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Has Anyone Read "Radical Homemakers"?

post #1 of 79
Thread Starter 
It's by Shannon Hayes. I'm reading it now and finding it interesting and validating. Like many of you said on a thread about not wanting to go back to a paying job, I'm quite happy being home, and I'm enjoying becoming more "domestic" - baking, cheesemaking, soap-making, etc., and less dependent on commercial junk. The book speaks to me on that level, but she seems to put down "soccer moms" - mothers who just take care of their kids, shop, and are more stereotypical modern-day SAHMs. I'm only about a third of the way in, but those are my impressions so far.

I was curious if any of you have read it, and if so, what do you think?
post #2 of 79
That book sounds interesting. I enjoy being a homemaker for those reasons. I would probably not be able to cook from scratch, homeschool, garden, etc, if I had to take on a job outside the home.
post #3 of 79
I just ordered the book from the library. She spoke at a conference I attended last winter and was very interesting and engaging.

My fear in reading the book is that I'll feel inadequate. My husband is an organic farmer (I used to be too), and we do more homestead-y type stuff than other families in our NYC-commuter-community. But I don't put by enough food for the whole winter or chop wood or anything.

Anyway, I should save my impressions for once I've read the book. I'm a fast reader so I'll be sure to check in soon.

Cheers!
post #4 of 79
My library bought the book after I requested it (yay, library!) and I tore through it over a long weekend. I feel a bit overzealous in my enthusiasm for it, but it came at the exact right moment for me and I can't stop recommending it. To the OP point, I can understand your point about it not being soccer mom friendly (to use "soccer mom," fairly or unfairly, as shorthand for one type of stay-at-home lifestyle). I didn't read it as a judgment of that kind of lifestyle, but I think it's written for moms and dads who are looking for a different kind of home-centered experience. As the subtitle (Reclaiming Domesticity from a Consumer Culture) suggests, it's about turning away from a lot that defines modern culture in this country, especially modern parenting, and embracing self sufficiency, family, and community. For me it's been an inspiration because it tackled several of the loose ends that I couldn't quite fit into the vision for how I'd like to realign my life (I'm a full-time WOHM right now who is trying to get her family to a new, lower COL location so our family isn't held hostage financially by the mortgage and suburban expenses). For example, what to do with the conflicted feelings about "wasting" my education, worries about feeling stuck or bored with domesticity, and the very real concerns about how reducing the family income will affect what are very often considered non-negotiable expenses (retirement savings, education costs, and health care).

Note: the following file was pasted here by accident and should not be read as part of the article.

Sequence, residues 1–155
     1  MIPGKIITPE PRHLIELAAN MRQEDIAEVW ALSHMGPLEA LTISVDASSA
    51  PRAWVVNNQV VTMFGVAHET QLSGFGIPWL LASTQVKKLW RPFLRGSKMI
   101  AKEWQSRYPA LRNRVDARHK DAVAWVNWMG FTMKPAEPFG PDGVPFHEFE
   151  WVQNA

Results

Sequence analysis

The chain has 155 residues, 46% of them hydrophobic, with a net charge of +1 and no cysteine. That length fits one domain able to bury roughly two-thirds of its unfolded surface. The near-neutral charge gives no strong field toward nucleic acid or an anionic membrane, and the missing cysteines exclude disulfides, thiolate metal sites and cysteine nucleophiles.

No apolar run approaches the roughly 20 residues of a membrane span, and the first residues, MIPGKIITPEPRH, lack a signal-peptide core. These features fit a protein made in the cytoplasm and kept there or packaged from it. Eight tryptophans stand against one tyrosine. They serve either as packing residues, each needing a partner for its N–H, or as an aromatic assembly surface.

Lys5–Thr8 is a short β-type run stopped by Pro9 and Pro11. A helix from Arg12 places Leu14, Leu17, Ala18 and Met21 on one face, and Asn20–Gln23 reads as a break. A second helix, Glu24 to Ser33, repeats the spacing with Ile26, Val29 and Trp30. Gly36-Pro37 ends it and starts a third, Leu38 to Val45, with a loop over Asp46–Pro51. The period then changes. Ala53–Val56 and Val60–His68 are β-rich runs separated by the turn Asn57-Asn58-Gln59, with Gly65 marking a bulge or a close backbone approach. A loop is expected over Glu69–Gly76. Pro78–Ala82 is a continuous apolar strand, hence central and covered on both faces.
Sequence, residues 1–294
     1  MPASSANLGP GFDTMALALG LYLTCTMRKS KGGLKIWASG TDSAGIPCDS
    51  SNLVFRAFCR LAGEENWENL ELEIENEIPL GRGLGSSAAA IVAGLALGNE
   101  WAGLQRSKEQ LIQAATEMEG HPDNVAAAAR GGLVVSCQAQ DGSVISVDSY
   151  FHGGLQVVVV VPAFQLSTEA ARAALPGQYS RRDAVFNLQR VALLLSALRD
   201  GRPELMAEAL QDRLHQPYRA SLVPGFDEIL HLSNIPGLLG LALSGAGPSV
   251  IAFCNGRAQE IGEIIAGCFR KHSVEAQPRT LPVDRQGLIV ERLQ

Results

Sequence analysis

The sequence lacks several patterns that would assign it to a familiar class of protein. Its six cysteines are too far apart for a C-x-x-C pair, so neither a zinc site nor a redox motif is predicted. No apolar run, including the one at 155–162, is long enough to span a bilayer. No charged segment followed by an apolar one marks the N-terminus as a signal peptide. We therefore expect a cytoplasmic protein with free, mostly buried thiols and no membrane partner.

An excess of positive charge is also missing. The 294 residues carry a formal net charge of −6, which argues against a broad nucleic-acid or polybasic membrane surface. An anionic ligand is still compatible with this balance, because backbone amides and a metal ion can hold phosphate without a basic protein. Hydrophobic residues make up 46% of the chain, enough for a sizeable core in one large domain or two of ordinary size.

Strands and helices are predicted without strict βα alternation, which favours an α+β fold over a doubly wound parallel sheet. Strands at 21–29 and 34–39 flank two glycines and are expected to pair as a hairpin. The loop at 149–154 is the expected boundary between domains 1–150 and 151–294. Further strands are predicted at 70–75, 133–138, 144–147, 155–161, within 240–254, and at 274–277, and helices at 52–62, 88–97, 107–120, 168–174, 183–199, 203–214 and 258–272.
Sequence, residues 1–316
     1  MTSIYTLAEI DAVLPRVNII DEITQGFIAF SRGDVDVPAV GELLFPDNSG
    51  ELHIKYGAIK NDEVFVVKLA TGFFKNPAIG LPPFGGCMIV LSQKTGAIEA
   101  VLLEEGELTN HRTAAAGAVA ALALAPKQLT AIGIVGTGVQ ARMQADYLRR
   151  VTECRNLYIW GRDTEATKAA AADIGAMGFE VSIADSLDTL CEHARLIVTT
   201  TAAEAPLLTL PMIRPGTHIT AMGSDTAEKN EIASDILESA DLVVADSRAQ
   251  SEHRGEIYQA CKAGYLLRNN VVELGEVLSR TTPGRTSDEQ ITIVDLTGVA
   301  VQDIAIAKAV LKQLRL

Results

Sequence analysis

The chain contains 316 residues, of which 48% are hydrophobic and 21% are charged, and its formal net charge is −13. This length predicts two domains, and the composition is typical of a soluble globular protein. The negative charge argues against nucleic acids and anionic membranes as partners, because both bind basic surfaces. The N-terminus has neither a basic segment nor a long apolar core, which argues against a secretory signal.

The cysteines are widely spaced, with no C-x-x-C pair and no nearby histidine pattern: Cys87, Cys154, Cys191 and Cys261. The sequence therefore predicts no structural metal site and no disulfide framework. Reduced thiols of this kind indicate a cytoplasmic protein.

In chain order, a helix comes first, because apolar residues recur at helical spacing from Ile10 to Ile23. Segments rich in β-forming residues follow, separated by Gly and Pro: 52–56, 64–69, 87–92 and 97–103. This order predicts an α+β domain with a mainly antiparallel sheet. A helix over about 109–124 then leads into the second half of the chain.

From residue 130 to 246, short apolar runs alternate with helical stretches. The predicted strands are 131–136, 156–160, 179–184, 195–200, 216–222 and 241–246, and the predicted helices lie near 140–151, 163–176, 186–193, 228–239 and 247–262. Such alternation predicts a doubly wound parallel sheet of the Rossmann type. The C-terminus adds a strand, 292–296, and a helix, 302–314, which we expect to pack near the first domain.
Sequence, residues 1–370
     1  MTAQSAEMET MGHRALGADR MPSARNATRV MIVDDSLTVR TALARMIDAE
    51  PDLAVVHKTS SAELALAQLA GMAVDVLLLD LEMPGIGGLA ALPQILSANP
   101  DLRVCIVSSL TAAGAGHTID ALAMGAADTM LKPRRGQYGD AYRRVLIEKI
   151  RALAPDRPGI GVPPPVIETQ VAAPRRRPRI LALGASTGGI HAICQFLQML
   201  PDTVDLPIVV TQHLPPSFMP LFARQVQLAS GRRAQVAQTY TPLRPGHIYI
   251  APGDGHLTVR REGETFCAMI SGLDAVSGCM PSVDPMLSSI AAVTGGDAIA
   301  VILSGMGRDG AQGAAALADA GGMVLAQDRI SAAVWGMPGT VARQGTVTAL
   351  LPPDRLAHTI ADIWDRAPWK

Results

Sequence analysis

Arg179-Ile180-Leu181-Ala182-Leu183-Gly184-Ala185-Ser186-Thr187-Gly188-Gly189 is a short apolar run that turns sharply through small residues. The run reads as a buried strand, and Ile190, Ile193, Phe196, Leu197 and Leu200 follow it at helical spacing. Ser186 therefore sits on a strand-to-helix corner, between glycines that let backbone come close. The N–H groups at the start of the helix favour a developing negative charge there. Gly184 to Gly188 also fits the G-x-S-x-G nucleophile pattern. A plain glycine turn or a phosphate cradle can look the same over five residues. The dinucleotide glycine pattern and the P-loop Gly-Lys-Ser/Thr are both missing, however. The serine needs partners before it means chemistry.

If you've ever read Walden, or Your Money or Your Life, or Voluntary Simplicity, but just felt like those are things other people do (in some other place or some other time), I'd give it a try. For the first time in my life I am moved to act in big, bold strokes, feeling certain that I can do this and that joy will follow.
post #5 of 79
I just put it on my Amazon wish list!

In December, I read Staying Home: From fulltime professional to fulltime parent, which is in a similar vein but probably much more aimed at "soccer moms" than Radical Homemakers. Staying Home was a great book, and helped me get over my identity/ role issues about "not using my degree to the fullest", but the examples in the book were def more mainstream families than DH and I.

I work very part-time, and I am very excited to be transitioning to a weekend position at work so I can be home during the week, but I would love to be able to eventually fully SAHM. I look forward to reading this book!
post #6 of 79
I am reading Radical Homemaker right now. I am LOVING it. It has made so much so clear to me. And validated my choices... which I guess sometimes I need because the rest of the world knocks it.

I've been discussing it with my DH and we are looking to do SOME more homestead type things as described in the book. Anything to keep expenses down. We want out from under our mortgage ASAP so we can both enjoy a different way of life. So it has worked well for me in that corner of my world too.
post #7 of 79
Our library has just ordered it and I placed a hold on it. I read the NYT article about it, which I found was pretty shallow in its coverage of the topic. I felt the article focused again on the "stuff," things that serve as symbols to some, such as chickens in the backyard, aprons and homeschooling, rather than the reasons behind these activities. There seems to be a need by large segments of society to "distill" any lifestyle choice down to a definable movement that can be made into a consumer opportunity/new niche mass market. (Think the green movement.)

In my household, I do these things first for their effect on our quality of life. We eat homemade, healthy food that is as close as we can to our house. Milk from the goats, eggs from the chickens, meat we raise, vegetables we grow, honey from our bees. But I also think inside myself, I do these traditional things to prove that they do not belong only to a certain kind of person. I consider myself a person living in the modern world. I have my own values and standards and I feel like I make choices consciously. We don't have to abandon the work and sacrifice of women before us to embrace these ways of being productive inside providers to our families.